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September 01, 2020 1:28pm
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Big government is the casino where pols gamble with your money – and you're losing

The U.S. government spends more than $6 trillion per year (it spent just under $4 trillion in 2017) and only has so many choices to finance its spending. That will come from you.

I am more worried than I have ever been about the financial position of the United States and what it means for our future as Americans

Our fiscal deficit for FY 2023 was actually more than $2 trillion (after the accounting adjustments related to Biden’s unconstitutional, failed attempt at student loan forgiveness). The national debt is rapidly closing in on $34 trillion. 

The Treasury market is seeing the 10-year yield near 5% and sending worries across the financial system. Real disposable personal income is down and defaults on credit cards and autos are rising. The geopolitical backdrop is looking to become even more of a mess, one that will likely become increasingly dangerous and expensive for the U.S. 

And there’s no credible end or curtailment in sight to spending.


Some may argue that we have had plenty of prior cycles of inflation or war or other crises, but there is a big difference. We haven’t had those happen at a time when we are concurrently seeing U.S. debt-to-GDP levels exceeding 120% and deficits that exceed 8% of GDP, among other shifts in the global economic backdrop. In fact, we usually see deficits shrinking when the economy shows "expansion".

While it is easy to believe that the future will look like the past and we will just endure another cycle of ups and downs, I don’t believe that to be the case. 

After 15 years of historic, accommodative Fed policy enabling disruptions of market risk, transferring trillions of dollars from Main Street to Wall Street, and allowing the government to spend like a hog gorging itself at the trough with a balance sheet that would trigger a currency crisis if we didn’t hold the world’s reserve currency, it’s hard to see a scenario where the next 15 years will be anything like the past. And I don’t mean that in a good way.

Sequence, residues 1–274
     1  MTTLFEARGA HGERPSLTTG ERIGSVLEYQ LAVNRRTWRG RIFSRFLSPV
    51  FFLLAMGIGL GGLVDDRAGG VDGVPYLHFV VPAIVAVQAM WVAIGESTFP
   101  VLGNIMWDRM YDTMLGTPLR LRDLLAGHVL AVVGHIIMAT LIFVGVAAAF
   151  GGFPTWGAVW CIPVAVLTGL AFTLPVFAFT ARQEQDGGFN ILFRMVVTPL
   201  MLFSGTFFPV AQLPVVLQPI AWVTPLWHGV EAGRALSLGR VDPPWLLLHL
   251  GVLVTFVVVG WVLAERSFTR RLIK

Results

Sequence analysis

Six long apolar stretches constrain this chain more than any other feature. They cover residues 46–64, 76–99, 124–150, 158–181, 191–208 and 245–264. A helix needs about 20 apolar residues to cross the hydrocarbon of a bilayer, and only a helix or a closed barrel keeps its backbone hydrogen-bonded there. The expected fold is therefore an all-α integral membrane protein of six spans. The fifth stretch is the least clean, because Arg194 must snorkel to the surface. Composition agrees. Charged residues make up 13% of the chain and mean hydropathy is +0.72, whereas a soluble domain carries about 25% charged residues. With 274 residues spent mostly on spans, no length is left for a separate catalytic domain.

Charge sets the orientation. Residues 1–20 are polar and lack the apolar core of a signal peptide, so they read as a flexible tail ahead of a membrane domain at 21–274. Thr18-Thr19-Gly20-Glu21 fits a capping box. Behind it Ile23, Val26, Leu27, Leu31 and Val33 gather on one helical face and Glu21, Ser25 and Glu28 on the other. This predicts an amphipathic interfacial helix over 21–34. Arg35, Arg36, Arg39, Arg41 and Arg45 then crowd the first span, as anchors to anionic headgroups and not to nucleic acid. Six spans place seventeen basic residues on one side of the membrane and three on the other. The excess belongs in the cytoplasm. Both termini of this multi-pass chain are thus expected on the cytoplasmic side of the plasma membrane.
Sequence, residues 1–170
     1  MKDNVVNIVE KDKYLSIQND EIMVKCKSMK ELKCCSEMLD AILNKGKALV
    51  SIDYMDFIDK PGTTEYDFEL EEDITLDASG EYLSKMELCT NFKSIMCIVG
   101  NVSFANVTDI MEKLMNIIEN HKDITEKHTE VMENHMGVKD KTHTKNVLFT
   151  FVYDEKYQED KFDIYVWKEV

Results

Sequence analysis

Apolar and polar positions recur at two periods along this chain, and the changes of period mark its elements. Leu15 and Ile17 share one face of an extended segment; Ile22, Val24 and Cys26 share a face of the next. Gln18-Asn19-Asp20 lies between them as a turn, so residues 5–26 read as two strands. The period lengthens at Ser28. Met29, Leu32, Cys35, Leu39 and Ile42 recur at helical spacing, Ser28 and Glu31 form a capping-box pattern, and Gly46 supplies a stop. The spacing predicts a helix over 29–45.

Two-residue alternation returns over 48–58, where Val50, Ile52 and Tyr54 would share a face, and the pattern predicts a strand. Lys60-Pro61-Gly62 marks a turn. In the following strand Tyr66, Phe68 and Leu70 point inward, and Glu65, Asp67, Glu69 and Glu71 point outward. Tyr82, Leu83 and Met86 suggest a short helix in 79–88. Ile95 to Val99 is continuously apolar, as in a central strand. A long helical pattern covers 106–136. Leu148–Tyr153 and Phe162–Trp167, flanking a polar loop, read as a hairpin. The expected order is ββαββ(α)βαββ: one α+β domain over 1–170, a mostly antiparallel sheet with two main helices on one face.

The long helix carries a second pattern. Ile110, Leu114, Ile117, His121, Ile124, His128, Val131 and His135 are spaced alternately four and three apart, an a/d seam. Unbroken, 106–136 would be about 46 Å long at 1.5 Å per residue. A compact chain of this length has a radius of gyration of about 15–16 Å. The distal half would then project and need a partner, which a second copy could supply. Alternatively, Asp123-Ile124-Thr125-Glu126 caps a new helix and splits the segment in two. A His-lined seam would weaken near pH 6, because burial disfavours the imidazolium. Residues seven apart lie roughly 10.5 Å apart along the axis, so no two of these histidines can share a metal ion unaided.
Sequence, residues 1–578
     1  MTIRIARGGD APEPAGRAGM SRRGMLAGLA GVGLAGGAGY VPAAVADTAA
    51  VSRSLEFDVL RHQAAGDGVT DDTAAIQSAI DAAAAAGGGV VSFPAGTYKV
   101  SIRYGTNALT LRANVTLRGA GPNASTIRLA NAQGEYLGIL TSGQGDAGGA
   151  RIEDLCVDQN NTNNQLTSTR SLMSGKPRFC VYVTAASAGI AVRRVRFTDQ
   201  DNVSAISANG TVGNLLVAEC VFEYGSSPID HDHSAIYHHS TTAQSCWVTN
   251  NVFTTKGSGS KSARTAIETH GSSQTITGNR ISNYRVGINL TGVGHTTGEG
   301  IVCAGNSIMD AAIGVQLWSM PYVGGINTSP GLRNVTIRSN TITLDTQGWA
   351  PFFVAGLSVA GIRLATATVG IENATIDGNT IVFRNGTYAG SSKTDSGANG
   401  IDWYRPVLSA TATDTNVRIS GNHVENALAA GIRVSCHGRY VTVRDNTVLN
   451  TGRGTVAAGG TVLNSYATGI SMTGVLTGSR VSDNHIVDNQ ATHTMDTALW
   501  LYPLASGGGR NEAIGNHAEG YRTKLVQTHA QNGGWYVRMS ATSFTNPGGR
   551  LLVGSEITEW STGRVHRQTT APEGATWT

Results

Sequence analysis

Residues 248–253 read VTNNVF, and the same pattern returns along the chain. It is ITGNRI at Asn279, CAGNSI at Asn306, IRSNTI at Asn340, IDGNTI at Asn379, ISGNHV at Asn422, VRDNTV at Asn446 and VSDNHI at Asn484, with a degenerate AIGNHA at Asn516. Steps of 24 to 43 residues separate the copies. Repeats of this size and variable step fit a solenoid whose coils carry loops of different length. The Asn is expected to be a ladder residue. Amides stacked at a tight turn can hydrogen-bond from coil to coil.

The government has increasing liabilities with which to contend. In addition to the enormous debt, which is getting more expensive to refinance and new deficits, also more expensive to refinance, interest expense on "stuff we already bought" will continue to crowd out other spending or continue to add to new deficits and the overall debt. Not to mention its staggering unfunded liabilities related to Social Security and Medicare, which doesn’t even touch upon state-level issues, like unfunded pension liabilities.

The U.S. government, now spending more than $6 trillion per year (for context, the government spent just under $4 trillion in 2017 and $1.8 trillion in 2000) only has so many choices to finance its spending, and in some way, that will come from you.

The first choice is through "revenue," which is primarily more taxes. In terms of personal income taxes, at some point that becomes not only politically unpopular, but has an economic impact and leads to lower revenue. This is where talk of wealth taxes will likely heat up, whether they be proposed as "unrealized" capital gains, inheritance taxes or other unconstitutional wealth confiscation schemes.


Don’t be fooled; this will be sold as just for the super wealthy, but the government can’t fund what it needs with that money alone. They need the middle class’s wealth and any willingness to cede property rights by the masses will come with dire financial consequences for those same people. 

The second option is to continue to fund the overspending through debt. We have seen that there isn’t enough demand for the government to keep issuing trillions of dollars at current rates. Either the rates will have to go up substantially to find buyers, leading to all kinds of financial chaos, or the Fed will have to step in and monetize the debt as it had been doing up until a year and a half ago, which will devalue your dollars and create more long-term inflation.

The final and most prudent option for the government is to admit that it made promises it can’t keep and try to restructure its liabilities and curtail its spending. This would entail having a frank chat with a financially illiterate populace that would likely hold it against the politicians.

Ultimately, while it is to your benefit for that final option to take place, it’s not to the politicians’ benefit. And in this casino that we call government, the government is the house, and the house always wins. They will do what is best for them instead of doing what is right and best for us.

There is a way forward to fix our financial foundation and restore the balance needed so that everyone can enjoy the American Dream. It will take some brave and articulate politicians wanting to be on the right side of history instead of what personally benefits them to get that done, and that’s a hard hand to bet on.


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